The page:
Local elections should turn out the voters, but…
Poor turnout at the polls is something we’ve grown to expect. Nationally, about a third of eligible voters don’t bother to vote in presidential elections. Since historically, off-year (non-presidential) November elections have even poorer turnout and June elections are worst of all, it’s probably worth pausing to consider why we choose to vote or not to vote.
Do those who vote think in terms of patriotic duty or is it more a matter of a long-established habit? Are those not voting disenchanted or are they also creatures of habit – the habit of indifference? Is it that citizens don’t think they have a stake in election outcomes, or are they so used to their democratic rights, they can’t imagine elections resulting in losing them?
Logically, local elections should bring greater turnouts than state and national elections. After all, we actually know people running on the local level – they are our neighbors – and the decisions local politicians make affect us in immediate and tangible ways, anything from street repair and fire department size to skateboard park hours and school assignments. Nobody is more accountable than a local official. And yet, as if we don’t really care who is in charge or how our lives are affected, a large number of us do not see the point in voting. (Would we be more excited if instead of those “I voted” stickers they give out, election officials had us dip our fingers in dye the way they do in Arab countries?)Local elections reflect the general apathy that plagues America nationally, and, for that matter, apathy that plagues established democracies internationally. Apathy has been the hallmark of a longstanding downward drift in voter percentages among democracies. (America’s overall decline began after 1960.) Citing a variety of sources and studies, a Wikipedia article on the subject of voter turnout showed the negative voting trend for democratic nations: the “U.S.A. Western Europe, Japan and Latin America.”
Noted as significant, these sliding percentages of voters have mirrored the “general decline in civic participation, such as church attendance, membership in professional, fraternal and student societies, youth groups and parent-teacher associations.” The implication is that the waning of traditional community affiliations directly relates to lower voter turnouts. Citizens want their rights without bothering with community responsibilities, including voting.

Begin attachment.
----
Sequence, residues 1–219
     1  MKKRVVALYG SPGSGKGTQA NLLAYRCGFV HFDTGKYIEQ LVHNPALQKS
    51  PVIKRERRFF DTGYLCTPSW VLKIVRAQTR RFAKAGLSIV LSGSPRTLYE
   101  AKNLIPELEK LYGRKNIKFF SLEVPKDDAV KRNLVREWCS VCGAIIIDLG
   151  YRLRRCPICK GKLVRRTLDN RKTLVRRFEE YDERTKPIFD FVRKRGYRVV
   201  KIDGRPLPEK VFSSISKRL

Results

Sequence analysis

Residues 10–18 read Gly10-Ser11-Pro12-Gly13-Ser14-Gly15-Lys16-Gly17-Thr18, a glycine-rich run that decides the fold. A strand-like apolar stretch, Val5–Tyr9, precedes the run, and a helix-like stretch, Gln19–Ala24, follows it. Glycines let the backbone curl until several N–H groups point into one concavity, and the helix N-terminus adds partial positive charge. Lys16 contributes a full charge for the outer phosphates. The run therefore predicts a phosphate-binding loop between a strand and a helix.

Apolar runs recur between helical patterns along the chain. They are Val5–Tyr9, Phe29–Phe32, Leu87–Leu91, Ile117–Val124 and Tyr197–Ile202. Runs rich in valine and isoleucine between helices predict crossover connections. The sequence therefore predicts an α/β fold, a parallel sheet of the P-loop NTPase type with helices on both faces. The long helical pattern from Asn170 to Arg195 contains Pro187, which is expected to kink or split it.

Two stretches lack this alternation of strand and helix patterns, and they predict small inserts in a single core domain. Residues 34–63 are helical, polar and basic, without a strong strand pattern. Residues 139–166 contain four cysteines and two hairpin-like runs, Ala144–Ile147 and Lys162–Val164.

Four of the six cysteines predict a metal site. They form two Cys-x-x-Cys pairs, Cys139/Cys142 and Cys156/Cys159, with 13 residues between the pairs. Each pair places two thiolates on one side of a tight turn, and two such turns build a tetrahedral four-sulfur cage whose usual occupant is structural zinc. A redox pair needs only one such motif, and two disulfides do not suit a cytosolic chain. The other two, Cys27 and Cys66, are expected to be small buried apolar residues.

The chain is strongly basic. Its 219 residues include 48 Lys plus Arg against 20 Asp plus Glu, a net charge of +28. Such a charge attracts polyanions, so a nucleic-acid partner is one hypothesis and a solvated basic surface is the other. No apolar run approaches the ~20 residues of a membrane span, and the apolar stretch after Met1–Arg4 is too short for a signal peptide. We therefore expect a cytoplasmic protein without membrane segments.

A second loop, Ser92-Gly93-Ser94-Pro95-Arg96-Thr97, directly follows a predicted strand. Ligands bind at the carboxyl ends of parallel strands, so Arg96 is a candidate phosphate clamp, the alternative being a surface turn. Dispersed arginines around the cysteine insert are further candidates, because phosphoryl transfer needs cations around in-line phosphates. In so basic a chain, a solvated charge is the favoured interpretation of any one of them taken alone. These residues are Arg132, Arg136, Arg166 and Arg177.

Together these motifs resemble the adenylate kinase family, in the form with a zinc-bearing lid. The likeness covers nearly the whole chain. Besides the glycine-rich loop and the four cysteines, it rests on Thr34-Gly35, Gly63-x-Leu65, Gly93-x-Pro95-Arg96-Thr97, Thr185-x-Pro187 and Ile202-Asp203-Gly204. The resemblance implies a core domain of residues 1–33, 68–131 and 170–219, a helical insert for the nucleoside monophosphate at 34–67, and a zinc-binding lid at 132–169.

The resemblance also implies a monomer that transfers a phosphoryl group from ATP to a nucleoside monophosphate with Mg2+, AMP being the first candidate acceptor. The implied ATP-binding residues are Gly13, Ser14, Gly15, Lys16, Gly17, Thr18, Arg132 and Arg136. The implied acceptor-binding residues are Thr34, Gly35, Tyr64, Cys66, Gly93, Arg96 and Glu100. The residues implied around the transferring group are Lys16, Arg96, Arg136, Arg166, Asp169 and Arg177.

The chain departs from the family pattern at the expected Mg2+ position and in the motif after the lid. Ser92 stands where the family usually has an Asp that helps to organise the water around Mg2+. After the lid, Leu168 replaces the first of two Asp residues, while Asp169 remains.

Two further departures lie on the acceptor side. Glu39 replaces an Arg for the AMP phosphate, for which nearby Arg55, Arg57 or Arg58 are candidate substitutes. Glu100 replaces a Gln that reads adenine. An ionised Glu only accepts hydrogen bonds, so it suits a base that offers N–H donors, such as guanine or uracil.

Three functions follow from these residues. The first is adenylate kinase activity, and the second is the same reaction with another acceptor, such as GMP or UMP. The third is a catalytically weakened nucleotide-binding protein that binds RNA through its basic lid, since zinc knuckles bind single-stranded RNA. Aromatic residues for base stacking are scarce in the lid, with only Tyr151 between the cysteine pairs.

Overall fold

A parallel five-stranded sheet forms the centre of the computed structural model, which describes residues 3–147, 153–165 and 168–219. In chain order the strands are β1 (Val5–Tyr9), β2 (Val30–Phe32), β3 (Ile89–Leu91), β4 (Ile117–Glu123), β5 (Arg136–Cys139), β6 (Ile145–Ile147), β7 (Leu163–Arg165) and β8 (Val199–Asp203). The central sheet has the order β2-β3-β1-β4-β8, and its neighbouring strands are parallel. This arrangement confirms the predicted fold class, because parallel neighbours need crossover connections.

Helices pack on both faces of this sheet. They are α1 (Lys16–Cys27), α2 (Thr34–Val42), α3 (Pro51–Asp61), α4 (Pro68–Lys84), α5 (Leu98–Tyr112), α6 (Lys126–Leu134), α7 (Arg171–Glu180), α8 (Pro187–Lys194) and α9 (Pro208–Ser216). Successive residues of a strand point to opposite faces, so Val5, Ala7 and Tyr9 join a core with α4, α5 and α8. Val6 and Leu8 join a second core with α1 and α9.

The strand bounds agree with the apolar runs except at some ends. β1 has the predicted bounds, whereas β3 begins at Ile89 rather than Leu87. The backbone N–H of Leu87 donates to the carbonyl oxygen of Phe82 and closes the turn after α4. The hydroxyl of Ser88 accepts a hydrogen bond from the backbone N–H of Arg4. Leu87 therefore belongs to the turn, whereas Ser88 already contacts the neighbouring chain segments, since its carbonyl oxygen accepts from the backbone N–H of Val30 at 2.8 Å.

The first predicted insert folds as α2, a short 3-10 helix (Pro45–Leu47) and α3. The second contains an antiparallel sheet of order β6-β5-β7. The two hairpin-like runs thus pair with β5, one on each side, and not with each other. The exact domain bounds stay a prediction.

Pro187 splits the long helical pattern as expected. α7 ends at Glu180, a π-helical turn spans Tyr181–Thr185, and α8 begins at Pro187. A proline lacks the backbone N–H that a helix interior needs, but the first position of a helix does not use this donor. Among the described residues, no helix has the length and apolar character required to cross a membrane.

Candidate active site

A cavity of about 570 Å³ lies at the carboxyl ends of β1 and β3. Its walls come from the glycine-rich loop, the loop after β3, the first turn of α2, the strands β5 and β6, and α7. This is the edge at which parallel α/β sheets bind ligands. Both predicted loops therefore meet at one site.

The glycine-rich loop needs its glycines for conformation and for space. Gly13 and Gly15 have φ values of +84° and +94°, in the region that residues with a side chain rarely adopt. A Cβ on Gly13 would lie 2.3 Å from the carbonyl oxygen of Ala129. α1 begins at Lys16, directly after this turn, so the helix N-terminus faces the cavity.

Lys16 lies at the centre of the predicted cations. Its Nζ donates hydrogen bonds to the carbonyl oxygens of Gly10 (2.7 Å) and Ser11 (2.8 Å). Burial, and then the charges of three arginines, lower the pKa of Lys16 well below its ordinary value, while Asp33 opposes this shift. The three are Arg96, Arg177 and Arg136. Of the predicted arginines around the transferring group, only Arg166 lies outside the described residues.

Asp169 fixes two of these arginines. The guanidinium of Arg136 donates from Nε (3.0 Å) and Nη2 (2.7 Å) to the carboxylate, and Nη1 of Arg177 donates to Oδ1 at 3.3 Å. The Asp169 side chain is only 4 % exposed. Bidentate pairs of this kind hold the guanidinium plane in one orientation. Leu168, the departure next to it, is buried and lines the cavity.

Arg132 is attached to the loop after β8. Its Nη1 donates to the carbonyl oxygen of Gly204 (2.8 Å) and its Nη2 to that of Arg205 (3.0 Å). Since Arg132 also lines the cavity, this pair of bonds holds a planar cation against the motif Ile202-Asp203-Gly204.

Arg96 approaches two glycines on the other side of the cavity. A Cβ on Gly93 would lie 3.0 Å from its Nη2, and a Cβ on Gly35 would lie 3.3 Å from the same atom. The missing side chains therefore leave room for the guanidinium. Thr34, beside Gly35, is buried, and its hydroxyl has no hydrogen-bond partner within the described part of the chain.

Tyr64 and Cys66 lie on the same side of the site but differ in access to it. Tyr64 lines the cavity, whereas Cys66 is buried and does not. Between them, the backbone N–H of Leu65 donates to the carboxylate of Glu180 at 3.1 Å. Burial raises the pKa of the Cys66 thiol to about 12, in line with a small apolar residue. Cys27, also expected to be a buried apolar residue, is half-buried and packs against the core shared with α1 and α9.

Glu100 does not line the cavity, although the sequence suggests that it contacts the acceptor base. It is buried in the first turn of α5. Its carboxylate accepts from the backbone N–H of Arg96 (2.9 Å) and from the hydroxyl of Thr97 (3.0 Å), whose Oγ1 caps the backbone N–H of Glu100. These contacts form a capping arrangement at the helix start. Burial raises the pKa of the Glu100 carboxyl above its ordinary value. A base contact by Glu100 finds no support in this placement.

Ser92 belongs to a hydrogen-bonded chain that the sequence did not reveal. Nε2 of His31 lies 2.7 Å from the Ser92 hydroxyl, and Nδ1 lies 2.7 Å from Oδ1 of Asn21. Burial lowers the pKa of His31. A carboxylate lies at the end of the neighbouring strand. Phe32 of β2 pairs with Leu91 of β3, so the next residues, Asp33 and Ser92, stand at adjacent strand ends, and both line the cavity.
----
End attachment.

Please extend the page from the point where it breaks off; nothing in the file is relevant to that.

Interestingly, as personal civic participation has decreased, “(p)eople have become far more likely to participate in boycotts, demonstrations, and to donate to political campaigns.” In other words, the desire to wield influence hasn’t changed, but voting no longer is seen as having much to do with it.
Although some statistics in the article were as recent as 2010, there was no mention of social media in the mix, which seems like a glaring oversight. Participatory media, such as Facebook and Twitter, provide outlets for political pontificating. Yet, the people who hold forth online might be least likely to vote for local governance – school boards, park boards or city councils. They want to kvetch about national politics with people who think the way they do. They let off steam and feel better for doing so.
But they don’t vote.
After the Sept. 11, 2001, tragedy, which shook our nation to the core, patriotism was everybody’s watchword, unifying us and giving us resolve. Unfortunately, patriotism also became an intimidating force, short circuiting good sense and skepticism among leaders (think, the unnecessary Iraq war). More than a decade later, we are war weary, still supportive of the troops, but disillusioned.
Perhaps worst of all, our notion of patriotism is stunted in militarism instead of renewed in civic responsibility. The basic truth is real patriots vote.
Ahlin writes a Sunday column for The Forum. Email email@example.com